UNSANE (Movie Review)

Unsane
*** out of ****
Rated R
(for djsturbing behavior, violence, strong language, and sex references)
Released:  March 23, 2018
Runtime: 97 minutes
Director: Steven Soderbergh
Starring: Claire Foy, Jay Pharoah, Joshua Leonard, Amy Irving, Juno Temple, Polly McKie, Aimee Mullins

Give it enough time and it starts to make sense.

Initially, Unsane feels like an overlong Black Mirror episode done on the cheap. The first half-hour drags with repetitive beats but, eventually, it comes together.

It’s Steven Soderbergh’s second film back from “retirement” (following last fall’s hick heist Logan Lucky) and it’s an effective thriller, especially for the current #MeToo zeitgeist, despite a less than effective low budget form that dilutes rather than maximizes its full potential.

Shot entirely on an iPhone 7, Unsane often appears driven more by Soderbergh’s fascination with experimentation than storytelling. The format is as cut-rate as the bare bones production values.

The Oscar-winning director seems particularly curious about how much he can pull off for how little, but not in striving for what’s actually best for the material. A strong lead performance by The Crown’s Claire Foy, however, makes up for a lot, as does some ingenious 2nd and 3rd act plotting by screenwriters Jonathan Bernstein and James Greer.

Foy plays Sawyer Valentini, a woman struggling with some personal issues that, after a routine counseling session with a therapist, inadvertently finds herself committed to a mental institution against her will. From there the film plays up the expected construct, a.k.a. “Who’s really the crazy one here, them or her?” The more she protests her sanity the more insane she comes off.

Soderbergh milks that a bit longer than he needs to (the first thirty minutes could’ve been a tighter fifteen or twenty), but just when you feel like you might be in for a monotonous slog, a curveball from Sawyer’s past is thrown into the mix. Discovering if this new element is real or imagined gives the film a necessary jolt, and Soderbergh does an expert job in revealing what’s true and what isn’t.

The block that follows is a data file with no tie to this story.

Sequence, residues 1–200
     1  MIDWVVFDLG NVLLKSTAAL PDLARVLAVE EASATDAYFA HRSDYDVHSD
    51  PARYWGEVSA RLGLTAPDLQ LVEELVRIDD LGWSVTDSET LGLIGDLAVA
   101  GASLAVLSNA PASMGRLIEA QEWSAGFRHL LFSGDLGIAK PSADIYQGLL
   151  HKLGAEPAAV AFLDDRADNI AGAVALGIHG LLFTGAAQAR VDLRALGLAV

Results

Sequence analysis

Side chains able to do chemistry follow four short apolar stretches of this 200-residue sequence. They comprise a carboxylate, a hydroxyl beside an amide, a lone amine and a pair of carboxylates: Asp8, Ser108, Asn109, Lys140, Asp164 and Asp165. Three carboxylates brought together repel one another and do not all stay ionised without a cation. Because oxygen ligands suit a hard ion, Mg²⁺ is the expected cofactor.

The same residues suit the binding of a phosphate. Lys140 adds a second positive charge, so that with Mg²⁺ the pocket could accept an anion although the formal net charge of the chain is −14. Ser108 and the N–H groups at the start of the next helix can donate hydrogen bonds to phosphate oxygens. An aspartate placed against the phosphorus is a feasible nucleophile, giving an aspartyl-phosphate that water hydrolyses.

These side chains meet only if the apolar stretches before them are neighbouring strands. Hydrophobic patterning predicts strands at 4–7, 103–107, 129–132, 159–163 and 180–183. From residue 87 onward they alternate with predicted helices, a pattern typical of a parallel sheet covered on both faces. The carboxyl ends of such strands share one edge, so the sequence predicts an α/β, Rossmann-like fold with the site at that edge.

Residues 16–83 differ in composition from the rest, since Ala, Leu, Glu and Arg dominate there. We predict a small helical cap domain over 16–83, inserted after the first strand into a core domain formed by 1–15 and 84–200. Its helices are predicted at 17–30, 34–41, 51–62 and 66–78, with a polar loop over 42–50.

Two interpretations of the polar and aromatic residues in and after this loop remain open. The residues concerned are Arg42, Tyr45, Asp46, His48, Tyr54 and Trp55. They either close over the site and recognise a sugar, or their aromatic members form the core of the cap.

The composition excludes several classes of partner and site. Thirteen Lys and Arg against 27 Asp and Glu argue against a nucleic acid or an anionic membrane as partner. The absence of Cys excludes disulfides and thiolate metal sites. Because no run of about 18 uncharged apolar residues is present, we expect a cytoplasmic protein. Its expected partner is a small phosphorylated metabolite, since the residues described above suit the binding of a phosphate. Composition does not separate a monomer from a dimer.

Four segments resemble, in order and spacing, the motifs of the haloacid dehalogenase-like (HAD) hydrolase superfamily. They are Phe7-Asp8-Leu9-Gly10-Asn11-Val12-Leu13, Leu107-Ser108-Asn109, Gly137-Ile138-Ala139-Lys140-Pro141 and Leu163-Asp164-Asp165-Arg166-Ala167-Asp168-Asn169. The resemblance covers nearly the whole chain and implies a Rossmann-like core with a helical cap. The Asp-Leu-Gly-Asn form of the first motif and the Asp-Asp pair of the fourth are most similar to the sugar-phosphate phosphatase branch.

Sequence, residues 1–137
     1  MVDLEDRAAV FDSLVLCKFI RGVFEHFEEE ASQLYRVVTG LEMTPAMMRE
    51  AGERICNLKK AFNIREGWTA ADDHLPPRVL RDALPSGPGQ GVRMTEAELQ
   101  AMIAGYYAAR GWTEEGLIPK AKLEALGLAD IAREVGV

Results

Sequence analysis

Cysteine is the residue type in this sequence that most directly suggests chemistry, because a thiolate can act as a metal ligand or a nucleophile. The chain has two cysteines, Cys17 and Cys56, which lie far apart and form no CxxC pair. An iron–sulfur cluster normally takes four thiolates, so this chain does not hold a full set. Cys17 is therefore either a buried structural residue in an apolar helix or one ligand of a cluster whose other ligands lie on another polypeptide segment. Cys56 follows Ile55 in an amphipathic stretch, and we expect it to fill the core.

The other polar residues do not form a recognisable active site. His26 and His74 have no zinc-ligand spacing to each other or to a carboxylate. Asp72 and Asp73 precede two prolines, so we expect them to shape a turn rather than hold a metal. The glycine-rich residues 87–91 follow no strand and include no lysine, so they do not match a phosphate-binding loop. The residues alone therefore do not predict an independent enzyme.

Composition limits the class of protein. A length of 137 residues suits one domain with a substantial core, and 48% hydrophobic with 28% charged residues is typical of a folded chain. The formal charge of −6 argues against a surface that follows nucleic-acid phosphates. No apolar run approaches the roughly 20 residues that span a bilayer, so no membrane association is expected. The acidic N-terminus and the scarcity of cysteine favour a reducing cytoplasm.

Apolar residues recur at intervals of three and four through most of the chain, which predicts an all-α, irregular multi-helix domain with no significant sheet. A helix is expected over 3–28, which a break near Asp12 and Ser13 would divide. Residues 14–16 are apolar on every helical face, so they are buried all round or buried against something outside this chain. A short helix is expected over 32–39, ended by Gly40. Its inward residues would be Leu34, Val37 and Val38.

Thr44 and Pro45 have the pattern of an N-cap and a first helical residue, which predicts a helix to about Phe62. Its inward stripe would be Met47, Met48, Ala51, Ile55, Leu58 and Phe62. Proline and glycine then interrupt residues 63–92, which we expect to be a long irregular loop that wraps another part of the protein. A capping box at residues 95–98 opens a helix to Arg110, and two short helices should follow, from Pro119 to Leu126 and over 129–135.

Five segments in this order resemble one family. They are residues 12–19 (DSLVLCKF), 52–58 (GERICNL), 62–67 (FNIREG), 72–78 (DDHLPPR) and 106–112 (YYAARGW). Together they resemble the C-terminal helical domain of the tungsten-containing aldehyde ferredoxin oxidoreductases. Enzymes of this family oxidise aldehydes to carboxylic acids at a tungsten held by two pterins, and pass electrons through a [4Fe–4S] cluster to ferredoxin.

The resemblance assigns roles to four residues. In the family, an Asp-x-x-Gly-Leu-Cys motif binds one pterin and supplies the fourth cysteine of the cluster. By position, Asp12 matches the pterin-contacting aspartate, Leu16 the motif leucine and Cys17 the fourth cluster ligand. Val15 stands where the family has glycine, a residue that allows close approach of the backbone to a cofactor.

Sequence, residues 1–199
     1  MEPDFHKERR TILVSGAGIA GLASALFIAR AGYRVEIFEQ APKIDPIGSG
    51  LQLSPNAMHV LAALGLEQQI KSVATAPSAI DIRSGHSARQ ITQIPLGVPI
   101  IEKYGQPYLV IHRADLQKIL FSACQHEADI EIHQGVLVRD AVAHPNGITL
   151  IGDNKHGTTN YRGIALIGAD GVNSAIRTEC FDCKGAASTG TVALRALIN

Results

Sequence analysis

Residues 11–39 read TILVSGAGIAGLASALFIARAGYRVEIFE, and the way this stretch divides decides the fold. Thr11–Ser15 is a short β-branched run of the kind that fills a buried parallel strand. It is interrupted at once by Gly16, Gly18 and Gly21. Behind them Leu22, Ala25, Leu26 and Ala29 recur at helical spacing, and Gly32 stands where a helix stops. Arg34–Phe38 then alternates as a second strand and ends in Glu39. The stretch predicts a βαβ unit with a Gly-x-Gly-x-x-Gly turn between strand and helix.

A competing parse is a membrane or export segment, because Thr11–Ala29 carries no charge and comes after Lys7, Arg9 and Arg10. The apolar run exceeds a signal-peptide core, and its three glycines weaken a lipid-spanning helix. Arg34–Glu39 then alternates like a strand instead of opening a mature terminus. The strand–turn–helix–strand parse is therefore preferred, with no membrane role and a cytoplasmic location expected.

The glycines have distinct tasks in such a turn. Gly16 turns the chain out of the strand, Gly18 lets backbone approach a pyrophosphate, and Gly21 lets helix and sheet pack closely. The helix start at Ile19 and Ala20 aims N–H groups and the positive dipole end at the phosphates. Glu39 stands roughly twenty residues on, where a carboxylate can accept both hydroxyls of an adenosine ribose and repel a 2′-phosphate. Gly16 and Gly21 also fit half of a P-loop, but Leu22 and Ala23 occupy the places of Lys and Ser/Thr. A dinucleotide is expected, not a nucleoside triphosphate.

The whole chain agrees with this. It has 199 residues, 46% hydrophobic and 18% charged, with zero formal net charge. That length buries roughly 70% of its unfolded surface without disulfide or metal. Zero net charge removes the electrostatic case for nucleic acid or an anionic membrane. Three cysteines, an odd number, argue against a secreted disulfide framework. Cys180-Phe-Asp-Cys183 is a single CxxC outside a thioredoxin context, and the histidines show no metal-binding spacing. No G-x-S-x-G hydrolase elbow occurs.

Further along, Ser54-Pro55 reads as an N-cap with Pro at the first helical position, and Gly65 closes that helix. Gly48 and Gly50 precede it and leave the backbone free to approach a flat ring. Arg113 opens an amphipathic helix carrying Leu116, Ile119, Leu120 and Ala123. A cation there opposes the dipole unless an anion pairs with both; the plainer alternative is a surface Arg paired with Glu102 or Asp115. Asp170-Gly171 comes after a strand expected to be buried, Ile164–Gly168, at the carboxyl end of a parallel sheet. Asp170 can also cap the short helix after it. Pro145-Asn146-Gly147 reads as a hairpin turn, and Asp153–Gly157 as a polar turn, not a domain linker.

I just wish it was more enjoyable to watch.

Unsane is a genre exercise minus the genre style, or any style for that matter. Soderbergh crafts some interesting angles and frames here and there, but on the whole this is a grungy, at times ugly looking experiment that feels compromised rather than inspired. More digression than evolution, Unsane looks and plays like a first-time effort from a young filmmaker with potential, not an auteur hitting a new creative stride, phase, or peak.

There’s some interesting political and social critiques here – from dehumanizing profit-driven medical care to toxic masculinity in the social media age – but they’re shoehorned together, both thematically and dramatically. A few plot holes pop up as a result, ones that the stripped-down milieu can’t mask.

At times, scenes even feel like desperate regional theater, overplayed in an attempt to compensate for the low production quality. (A padded cell sequence comes to mind.) Foy remains committed all the way through, forgive the pun, but I wish Soderbergh’s aesthetic felt the same.

Unsane ultimately works, often in spite of itself (which isn’t a dumb-luck fluke), but unless Soderbergh can come up with ways to craft better visual experiences than this, I’m not looking forward to his newfound resolve to shoot exclusively on iPhones for the rest of his career. He’ll continue to make good movies, but it’s hard to imagine him making a great one.

But hey, maybe I’m the crazy one.

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